Our situation is not normal at all. It is a situation of fundamental change – and this not just because of the crisis. Mark McDonald from Gartner knows this. And he knows about the importance of raising the right questions. Questions which can move us forward: “Great CIOs ask good questions pretty much all the time. A good question is one that creates knowledge and shares understanding. A good question makes both parties smarter. Most questions are not great questions. Helpful yes, but they simply exchange information from one side to the other.”

I don’t want to withhold from you the following rough typology of great questions that Mark McDonald gives …

Logic checking questions – If that is true, then these other things must be false?
• Implications based questions – So given this issue we are also seeing these other things happening?
• Proof of fact questions – so how do you know the issue is happening and what are the consequences?
• Forward looking questions – so given all of that, what are the next steps or how do you suggest we take?

… also because most process optimization efforts follow the same steps.

By the way, Mark McDonald recently did a whole series of posts about what makes a great CIO.

“Over the next five years, IT automation will overtake offshoring as the next major efficiency trend in IT.” This is how Ken Jackson, President of Americas at UC4, starts his article about The Dawning of the IT Automation Era. This is surprising just for those who either consider offshoring as the universal answer to all cost reduction challenges or think that cost reduction is the only target of IT automation.

But in a world where IT environments are becoming more and more complex “squeezing every bit of extra cost out of your IT budget” and therefore leaving IT professionals with a “bare bones operating plan” is a tactic which is not sustainable at all. It`s like engaging in a rulebook slowdown while neglecting the fact that IT can really boost your business and ensure accurate service delivery.

The truth behind this is simple: you need money to invest in cost saving technologies. Because keeping IT systems just up and running is not enough. If you don’t want to throw the baby out with the bath water you have to jointly develop business innovation abilities and cost avoidance strategies.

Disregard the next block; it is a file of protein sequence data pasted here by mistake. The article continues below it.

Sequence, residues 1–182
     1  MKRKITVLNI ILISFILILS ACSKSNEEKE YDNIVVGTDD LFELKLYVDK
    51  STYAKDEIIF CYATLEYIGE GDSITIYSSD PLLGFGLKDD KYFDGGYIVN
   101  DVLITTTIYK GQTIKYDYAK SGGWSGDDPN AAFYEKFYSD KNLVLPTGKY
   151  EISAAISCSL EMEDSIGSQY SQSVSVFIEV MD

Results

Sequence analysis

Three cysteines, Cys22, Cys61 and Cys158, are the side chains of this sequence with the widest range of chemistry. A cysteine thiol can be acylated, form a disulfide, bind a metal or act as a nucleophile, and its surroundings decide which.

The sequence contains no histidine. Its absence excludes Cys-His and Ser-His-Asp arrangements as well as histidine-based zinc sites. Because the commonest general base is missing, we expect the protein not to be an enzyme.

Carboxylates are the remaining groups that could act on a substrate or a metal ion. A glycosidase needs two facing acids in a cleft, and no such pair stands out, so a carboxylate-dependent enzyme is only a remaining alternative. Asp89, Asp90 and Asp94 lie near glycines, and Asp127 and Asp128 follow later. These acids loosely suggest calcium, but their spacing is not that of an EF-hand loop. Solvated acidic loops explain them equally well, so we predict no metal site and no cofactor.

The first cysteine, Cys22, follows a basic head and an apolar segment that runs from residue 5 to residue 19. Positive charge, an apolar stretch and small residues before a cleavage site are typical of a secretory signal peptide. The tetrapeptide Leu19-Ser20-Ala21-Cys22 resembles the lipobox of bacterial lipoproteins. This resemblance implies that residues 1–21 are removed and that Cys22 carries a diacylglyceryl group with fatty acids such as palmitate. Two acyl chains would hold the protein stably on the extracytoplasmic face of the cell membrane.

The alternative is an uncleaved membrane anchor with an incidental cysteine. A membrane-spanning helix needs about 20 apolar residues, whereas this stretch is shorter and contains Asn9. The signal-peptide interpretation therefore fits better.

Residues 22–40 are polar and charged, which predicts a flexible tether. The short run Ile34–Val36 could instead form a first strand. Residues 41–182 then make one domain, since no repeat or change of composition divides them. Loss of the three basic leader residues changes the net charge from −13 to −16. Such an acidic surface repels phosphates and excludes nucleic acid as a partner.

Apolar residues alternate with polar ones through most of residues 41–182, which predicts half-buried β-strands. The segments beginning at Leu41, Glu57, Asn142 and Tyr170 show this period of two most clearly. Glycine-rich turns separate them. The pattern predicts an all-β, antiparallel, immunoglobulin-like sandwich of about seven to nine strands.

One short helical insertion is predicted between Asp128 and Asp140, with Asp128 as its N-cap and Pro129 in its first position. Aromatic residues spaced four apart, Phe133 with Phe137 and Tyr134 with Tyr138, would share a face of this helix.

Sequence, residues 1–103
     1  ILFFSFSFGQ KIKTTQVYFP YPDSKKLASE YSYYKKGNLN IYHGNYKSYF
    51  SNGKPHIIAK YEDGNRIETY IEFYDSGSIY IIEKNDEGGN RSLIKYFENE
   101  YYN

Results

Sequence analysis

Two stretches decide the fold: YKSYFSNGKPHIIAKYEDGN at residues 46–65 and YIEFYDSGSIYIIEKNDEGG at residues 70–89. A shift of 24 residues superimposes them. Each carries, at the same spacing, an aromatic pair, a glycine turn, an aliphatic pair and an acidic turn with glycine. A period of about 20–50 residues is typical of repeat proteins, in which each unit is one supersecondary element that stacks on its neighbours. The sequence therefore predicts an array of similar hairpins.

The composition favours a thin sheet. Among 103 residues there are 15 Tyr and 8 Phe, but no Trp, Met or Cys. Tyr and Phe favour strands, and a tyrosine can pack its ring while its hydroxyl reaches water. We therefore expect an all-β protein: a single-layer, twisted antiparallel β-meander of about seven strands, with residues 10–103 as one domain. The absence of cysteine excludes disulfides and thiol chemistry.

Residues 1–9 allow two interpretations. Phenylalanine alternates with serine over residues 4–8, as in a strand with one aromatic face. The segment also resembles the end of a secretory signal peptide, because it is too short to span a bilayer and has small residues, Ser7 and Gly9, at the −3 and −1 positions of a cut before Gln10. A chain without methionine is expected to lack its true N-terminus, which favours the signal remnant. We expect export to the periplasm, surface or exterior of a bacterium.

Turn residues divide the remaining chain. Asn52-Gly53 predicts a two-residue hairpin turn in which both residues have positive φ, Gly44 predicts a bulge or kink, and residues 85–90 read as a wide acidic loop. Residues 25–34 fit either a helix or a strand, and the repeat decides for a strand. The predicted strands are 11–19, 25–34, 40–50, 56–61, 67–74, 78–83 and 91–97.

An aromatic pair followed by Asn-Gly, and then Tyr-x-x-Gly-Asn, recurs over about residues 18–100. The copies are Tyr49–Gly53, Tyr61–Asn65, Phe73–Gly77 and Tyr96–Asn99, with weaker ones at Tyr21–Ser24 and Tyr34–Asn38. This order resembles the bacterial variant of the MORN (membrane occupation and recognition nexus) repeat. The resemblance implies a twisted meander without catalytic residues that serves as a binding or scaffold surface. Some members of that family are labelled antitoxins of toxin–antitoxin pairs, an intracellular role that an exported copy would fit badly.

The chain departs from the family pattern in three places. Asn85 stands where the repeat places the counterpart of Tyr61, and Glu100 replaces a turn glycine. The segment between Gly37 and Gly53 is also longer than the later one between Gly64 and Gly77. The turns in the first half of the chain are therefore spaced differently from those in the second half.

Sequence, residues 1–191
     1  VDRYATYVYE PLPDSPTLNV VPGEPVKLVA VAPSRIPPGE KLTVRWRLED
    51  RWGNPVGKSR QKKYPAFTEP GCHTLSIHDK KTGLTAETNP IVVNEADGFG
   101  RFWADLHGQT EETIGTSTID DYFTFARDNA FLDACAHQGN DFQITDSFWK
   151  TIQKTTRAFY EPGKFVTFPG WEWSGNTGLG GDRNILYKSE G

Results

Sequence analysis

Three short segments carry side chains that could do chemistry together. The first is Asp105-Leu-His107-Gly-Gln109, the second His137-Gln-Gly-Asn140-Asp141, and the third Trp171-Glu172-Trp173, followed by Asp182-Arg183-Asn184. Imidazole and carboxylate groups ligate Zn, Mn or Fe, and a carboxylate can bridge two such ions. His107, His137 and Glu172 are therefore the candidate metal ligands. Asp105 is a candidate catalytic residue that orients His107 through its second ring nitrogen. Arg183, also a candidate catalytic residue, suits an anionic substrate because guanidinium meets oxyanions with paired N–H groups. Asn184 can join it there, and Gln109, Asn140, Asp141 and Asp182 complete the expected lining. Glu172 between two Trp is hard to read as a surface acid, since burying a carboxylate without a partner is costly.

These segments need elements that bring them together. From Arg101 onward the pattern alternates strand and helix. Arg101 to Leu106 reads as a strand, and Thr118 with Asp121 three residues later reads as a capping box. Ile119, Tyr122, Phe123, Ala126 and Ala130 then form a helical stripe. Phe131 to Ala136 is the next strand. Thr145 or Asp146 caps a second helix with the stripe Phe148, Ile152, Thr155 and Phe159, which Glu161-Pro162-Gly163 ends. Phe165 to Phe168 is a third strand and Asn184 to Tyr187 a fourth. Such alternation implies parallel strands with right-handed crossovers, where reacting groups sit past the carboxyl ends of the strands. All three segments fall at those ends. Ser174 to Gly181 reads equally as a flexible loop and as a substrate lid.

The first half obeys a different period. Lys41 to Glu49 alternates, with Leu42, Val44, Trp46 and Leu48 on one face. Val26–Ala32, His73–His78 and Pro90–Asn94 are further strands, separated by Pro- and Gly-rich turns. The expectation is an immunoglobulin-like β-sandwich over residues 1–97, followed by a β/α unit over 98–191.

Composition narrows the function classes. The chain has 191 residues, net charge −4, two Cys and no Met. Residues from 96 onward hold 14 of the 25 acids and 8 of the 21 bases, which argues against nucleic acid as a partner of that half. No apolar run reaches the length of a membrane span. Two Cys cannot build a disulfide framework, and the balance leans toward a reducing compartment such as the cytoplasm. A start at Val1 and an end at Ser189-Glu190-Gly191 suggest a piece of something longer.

The answer to complexity is process visibility, and a combination of real-time intelligence and just-in-time execution. This will help you to squeeze instead every bit of value out of your IT budget.

And this is what it’s all about.

For more information on the “several factors contributing to the coming age of IT automation” read Ken Jacksons inspiring article.

It’s not even 3 weeks ago that the SOA thought-leader community announced The SOA Manifesto as part of the closing keynote of the 2nd international SOA Symposium in Rotterdam.

It seems a good time for Manifestos, that’s taken for granted, but do we need to wrap the SOA approach into a Manifesto too? Now that the technological benefits of SOA applications over existing legacy applications have been well documented? Now that it is well known that SOA offers business benefits across applications and platforms, including location independent services, a loosely coupled approach providing agility, the dynamic search for other services, and that services are reusable?

According to Joe McKendrick, “SOA is not a thing that you do, and it definitely isn’t a thing that you buy … but something tangible, a style if you will, just as Roman, Greek or Modern are styles of architecture.” This perfectly paraphrases the very first statement of the SOA Manifesto, which philosophically states that service orientation is more an attitude, “a paradigm that frames what you do.”

The good thing about the Manifesto is that it reminds us of the cultural implications of a SOA approach. And that it plays nicely with the principle that states that “SOA is not made out of products”. But on the other hand we should not neglect the technical challenges, of course. Because the situation we are focussing on is the fact that over 50% of the processing in the current application landscape is background processing.

That is why we need interfaces that guarantee the inclusion of background processes into the SOA business process. That is why we need intelligent Workload Automation tools based on Web Services to initiate, monitor, and manage background processes. And that is why UC4 customers prefer an Automation Broker (here is the Whitepaper for Download) to bridge between SOA vision and batch reality than being part of a platonic style symposium.

I am looking forward to your comments!

Here is the video of the announcement:

You can find a complete list of the authors at the bottom of the manifesto, or view a picture of everybody on stage at the signing of the SOA Manifesto.